The post has since been removed, appropriately, but not before it was linked and critiqued by some folk with pretty substantial numbers in terms of followers. I don’t want to name, shame, or blame here; rather, my point is a broader one about social media and the search process, and why folks reacted so strongly and so negatively to what was in all likelihood a genuine expression of excitement and appreciation.

I think that many of us often assume that everyone in a department will know where to draw the lines when it comes to social media. And yet, the landscape changes fast enough that we don’t always have time to think about how they might interact with what may be tried-and-true procedures when it comes to things like job searches, which are not exactly everyday occurrences, particularly in the humanities. And the intricacies of the search process can be opaque, for anyone who hasn’t experienced it from …

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a little comic about the AHA embargo fiasco

a little comic about the AHA embargo fiasco

I am not an historian, nor a member of AHA, nor an early-stage scholar, nor a publisher, nor am I responsible for library acquisitions. But then, the same can be said of plenty of folk who have weighed in on the decision by the American Historical Association to release a statement allowing for (and by implication, perhaps, endorsing) the “embargo” of history dissertations. As Rick Anderson notes (in a Scholarly Kitchen post that provides a pretty strong overview), the AHA “smack[ed] the hornet’s nest.” I follow enough Digital Humanities and Open Access inclined historians on Twitter that this statement, and the furor that ensued, registered substantially throughout my feed. And over the past week or so, the discussion has trickled upwards to the usual suspects (and beyond!) and sideways to other disciplines. At least it has to my own, based on listserv discussions and retweets.

And it should spread, because it’s not just an issue for historians. Times for university presses and for academic libraries are tough all over, and that affects every discipline. As someone who routinely advises late-stage graduate students and untenured faculty, I think that the questions raised by the AHA statement are ones that everyone in the humanities should be thinking about, not just members of that particular organization. For a good cross-section of the various positions and issues, my best recommendation is Open History, a project that began as part of the backlash against the …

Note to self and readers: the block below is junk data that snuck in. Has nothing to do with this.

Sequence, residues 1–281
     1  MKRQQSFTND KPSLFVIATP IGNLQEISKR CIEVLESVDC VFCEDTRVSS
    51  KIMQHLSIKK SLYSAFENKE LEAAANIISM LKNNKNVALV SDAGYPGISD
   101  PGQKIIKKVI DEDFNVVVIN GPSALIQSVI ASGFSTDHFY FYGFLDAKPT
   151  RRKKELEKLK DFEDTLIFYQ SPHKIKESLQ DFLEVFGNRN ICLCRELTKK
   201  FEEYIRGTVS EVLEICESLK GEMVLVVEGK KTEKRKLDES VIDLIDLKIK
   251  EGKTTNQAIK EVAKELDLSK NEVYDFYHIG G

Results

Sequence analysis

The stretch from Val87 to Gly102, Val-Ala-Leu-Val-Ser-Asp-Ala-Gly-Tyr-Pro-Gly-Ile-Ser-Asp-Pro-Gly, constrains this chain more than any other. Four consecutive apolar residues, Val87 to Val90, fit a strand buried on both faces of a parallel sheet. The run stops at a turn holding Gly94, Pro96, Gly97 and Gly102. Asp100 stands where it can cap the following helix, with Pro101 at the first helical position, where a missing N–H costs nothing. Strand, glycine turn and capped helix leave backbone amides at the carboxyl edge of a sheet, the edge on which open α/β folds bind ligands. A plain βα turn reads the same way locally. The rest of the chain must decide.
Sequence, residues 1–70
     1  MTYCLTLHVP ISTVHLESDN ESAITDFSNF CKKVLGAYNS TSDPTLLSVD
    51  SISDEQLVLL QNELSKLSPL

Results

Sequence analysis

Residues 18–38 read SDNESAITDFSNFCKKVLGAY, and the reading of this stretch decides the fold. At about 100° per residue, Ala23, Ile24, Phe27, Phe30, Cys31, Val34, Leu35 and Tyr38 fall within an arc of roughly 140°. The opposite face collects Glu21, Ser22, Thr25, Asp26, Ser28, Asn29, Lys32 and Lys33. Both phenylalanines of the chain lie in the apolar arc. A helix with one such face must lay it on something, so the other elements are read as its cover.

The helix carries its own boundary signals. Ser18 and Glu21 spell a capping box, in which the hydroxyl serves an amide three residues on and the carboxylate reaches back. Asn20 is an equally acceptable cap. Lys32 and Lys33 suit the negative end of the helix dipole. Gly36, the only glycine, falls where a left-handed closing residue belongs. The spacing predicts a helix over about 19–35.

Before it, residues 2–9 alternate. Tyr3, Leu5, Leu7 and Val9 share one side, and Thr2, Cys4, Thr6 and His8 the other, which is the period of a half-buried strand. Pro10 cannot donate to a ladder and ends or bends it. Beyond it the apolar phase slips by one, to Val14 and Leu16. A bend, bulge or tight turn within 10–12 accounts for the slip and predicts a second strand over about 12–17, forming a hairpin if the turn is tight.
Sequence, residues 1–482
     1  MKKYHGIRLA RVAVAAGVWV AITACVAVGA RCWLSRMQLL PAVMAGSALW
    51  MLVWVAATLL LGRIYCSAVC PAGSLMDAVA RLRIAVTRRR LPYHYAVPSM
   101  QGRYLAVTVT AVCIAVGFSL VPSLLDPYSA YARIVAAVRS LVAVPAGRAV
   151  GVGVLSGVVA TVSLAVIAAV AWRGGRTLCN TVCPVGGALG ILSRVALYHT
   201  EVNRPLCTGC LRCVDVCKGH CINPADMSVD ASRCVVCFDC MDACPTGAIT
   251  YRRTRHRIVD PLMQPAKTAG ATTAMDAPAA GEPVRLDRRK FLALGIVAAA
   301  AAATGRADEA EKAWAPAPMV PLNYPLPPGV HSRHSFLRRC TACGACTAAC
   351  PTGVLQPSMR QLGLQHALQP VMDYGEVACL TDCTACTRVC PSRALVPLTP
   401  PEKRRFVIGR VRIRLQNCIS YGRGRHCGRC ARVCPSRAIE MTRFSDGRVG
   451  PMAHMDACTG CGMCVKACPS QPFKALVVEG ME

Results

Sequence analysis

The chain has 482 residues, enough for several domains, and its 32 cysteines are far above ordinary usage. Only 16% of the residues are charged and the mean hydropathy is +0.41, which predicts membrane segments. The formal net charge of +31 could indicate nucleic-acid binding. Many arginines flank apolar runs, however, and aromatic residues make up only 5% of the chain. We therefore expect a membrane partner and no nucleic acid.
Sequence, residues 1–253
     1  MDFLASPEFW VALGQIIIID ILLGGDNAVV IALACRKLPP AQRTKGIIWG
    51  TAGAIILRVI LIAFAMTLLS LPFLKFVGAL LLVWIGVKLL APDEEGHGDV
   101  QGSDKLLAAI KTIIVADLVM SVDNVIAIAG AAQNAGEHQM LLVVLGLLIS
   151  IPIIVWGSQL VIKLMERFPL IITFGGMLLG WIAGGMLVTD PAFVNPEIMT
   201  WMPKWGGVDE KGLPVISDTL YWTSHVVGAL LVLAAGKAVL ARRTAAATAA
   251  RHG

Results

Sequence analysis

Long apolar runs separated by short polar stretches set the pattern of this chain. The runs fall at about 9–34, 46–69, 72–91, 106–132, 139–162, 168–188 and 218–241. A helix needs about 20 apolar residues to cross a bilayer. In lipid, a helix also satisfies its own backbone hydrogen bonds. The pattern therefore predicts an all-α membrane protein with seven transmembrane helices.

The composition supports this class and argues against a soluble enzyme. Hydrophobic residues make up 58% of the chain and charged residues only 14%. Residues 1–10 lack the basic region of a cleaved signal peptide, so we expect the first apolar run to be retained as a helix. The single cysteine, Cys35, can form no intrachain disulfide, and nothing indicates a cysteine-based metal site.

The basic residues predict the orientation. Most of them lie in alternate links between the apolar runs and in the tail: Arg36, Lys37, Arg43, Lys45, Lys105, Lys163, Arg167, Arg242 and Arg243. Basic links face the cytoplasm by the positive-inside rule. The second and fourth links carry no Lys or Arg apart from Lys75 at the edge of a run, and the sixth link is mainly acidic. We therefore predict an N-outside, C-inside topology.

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I finally got around yesterday to spending some quality time with Eli Pariser’s The Filter Bubble, and I’m sure that I’ll be using at least parts of it in the digital literacies course that I’m scheduled to teach in the fall. There are plenty of reviews out there, so I don’t feel any real need to offer an extended read of the book. If you’re like me, though, you tend to flag tech books, and add them to the “when I have time” pile. I’m glad that Pariser’s book made it to the top of that pile for me; it’s a book that really speaks to issues of privacy, personalization, and the “next wave” on the Internet. It’s unusual for a pop book to have a significant impact on the academic work that I do, but this book might, depending on how I eventually take it up.

I mention it here today because I was reading it today at the same time that a piece over Gawker came across my radar, “Just because you don’t like a study doesn’t mean it is wrong,” an unfortunately titled essay about a problem that I think more and more academics will begin to encounter, especially as access to academic work is opened up. The study, “Women (Not) Watching Women: Leisure Time, Television, and Implications for Televised Coverage of Women’s Sports.” appeared in the journal Communication, Culture and Critique, and was picked up by a number of mainstream …